about 3 years ago • 3 mins
Several stock-picking hedge funds enjoyed stellar returns in 2020 (see Related Content, below). And many are quietly confident that they’ll repeat that success this year, with a favorable environment creating a wealth of opportunities both to back companies’ shares and – in spite of Reddit’s opposition – to sell them short as well.
Pandemic-powered volatility made last year one of the best in a decade for many stock-focused hedge funds: several posted gains of more than double the US S&P 500 index’s 16% return.
While volatility has been relatively muted by contrast in 2021 so far, another factor looks to be on the stock-pickers’ side: increasing stock dispersion. Put simply, individual stock prices aren’t moving much in tandem – creating outperformance opportunities for those able to make judicious investment choices.
Hedge funds are hoping that ultra-low interest rates, economy-boosting stimulus packages, and normality-restoring vaccine rollouts will push selected stocks much higher. And they reckon the best buying opportunities are likely to be found outside the US, where valuations are currently sky-high.
On the short side, meanwhile, retail investors’ enthusiasm may be creating an environment rich in targets to bet against. Short-selling hedge funds are also eyeing up some of last year’s best-performing stocks – especially those with particularly high share prices relative to their profits and with business models that might not hold up once people begin to return to their pre-pandemic routines.
If last year’s big winners manage to replicate their success this year, then they’ll do it through the following stocks, among other things. These might provide you with a few ideas to investigate for inclusion in your own portfolio.
Calixto Global Investors, which returned 47% last year, is betting big on two Japanese firms: Demae-Can, which controls a third of the country’s food delivery market, and Outsourcing Inc, a staffing specialist gaining ground after several smaller competitors went bust last year. On the short side, Calixto is betting against companies in the software, ecommerce, and mobile gaming sectors.
Hampton Road Capital Management also returned 47% last year and lists Nexstar Media Group as one of its top picks for 2021. Nexstar, the US’s largest local TV company, pays a steady dividend, while its valuation multiple – its market value relative to next year’s earnings – is in the single digits, versus 25x for the S&P 500 overall. Hampton Road is also shorting a basket of stocks popular among retail investors but with weak fundamentals.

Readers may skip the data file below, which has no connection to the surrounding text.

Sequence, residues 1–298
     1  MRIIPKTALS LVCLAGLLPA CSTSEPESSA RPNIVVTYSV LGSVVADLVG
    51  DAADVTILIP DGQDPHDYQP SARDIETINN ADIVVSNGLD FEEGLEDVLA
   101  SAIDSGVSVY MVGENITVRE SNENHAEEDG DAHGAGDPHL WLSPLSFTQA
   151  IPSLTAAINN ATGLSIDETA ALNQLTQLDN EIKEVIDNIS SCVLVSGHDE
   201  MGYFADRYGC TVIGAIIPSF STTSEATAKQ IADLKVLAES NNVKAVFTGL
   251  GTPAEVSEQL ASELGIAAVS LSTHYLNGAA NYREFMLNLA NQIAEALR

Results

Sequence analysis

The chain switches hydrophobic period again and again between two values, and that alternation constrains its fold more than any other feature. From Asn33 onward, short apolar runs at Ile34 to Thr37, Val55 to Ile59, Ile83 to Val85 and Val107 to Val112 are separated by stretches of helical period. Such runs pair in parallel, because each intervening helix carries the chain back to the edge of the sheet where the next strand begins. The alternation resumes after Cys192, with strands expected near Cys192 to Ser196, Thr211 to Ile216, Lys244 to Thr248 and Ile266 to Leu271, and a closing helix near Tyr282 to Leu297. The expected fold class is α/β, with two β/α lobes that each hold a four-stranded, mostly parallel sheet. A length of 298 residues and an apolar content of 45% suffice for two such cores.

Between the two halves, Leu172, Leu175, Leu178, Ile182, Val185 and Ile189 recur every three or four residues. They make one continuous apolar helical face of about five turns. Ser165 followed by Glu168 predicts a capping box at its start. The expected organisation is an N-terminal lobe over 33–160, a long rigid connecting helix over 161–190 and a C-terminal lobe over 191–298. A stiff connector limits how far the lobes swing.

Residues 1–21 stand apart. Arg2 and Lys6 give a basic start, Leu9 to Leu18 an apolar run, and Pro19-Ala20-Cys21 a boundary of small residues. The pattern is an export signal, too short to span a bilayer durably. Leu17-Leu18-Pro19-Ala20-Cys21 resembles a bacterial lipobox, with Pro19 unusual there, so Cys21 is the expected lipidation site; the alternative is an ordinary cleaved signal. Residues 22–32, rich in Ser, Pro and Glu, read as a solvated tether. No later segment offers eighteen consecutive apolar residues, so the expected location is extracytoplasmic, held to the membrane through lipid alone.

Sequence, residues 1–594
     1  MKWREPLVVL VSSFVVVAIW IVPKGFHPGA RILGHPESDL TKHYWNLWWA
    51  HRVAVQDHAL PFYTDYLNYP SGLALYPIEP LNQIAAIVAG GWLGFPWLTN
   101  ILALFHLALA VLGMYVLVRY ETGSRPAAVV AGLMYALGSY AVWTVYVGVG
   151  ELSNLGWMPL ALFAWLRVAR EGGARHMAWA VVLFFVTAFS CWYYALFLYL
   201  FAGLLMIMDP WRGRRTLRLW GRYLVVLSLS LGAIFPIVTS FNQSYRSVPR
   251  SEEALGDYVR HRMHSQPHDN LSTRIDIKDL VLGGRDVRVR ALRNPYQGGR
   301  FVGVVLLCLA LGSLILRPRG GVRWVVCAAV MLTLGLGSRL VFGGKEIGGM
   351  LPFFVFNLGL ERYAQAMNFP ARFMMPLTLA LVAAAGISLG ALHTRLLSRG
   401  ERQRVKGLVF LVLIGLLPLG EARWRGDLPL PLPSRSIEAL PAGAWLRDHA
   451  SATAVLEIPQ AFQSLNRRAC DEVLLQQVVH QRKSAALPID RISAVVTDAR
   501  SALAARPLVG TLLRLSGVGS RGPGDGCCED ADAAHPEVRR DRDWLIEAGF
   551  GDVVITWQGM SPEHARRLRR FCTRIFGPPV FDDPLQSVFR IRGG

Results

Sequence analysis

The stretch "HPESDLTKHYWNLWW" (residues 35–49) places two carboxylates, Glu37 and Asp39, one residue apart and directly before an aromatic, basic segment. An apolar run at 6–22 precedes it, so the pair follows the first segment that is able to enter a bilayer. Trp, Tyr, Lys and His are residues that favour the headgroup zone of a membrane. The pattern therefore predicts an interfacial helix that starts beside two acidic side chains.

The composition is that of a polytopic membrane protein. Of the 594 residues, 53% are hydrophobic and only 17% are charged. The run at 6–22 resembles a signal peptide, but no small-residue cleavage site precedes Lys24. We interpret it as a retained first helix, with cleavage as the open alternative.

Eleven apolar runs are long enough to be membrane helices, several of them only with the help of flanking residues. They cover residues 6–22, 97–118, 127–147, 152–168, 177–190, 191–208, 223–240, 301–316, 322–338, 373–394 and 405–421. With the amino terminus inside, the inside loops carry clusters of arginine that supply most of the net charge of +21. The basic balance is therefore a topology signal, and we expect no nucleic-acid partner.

Marlowe Partners, which posted a 37% gain last year, is backing three rather different companies. CVS Group, one of the largest veterinary services providers in the UK (not to be confused with the American healthcare firm), is benefiting from increasing pet ownership amid the pandemic. Fluidra, a Spanish swimming pool builder, is benefiting from a construction and maintenance backlog. And Callaway Golf is benefiting from an ongoing influx of socially distanced golfers currently underserved by rival sports firms.
Last but not least, Clearfield Capital Management, which returned 21% last year, has invested in two European payments companies, Nexi and Worldline as the pandemic accelerates a long-term shift away from cash. Clearfield also has a big position in Dufry, a Swiss operator of duty-free stores which recently agreed a joint venture with Alibaba aiming to bolster its presence in China.
Disclaimer: These articles are provided for information purposes only. Occasionally, an opinion about whether to buy or sell a specific investment may be provided. The content is not intended to be a personal recommendation to buy or sell any financial instrument or product, or to adopt any investment strategy as it is not provided based on an assessment of your investing knowledge and experience, your financial situation or your investment objectives. The value of your investments, and the income derived from them, may go down as well as up. You may not get back all the money that you invest. The investments referred to in this article may not be suitable for all investors, and if in doubt, an investor should seek advice from a qualified investment advisor.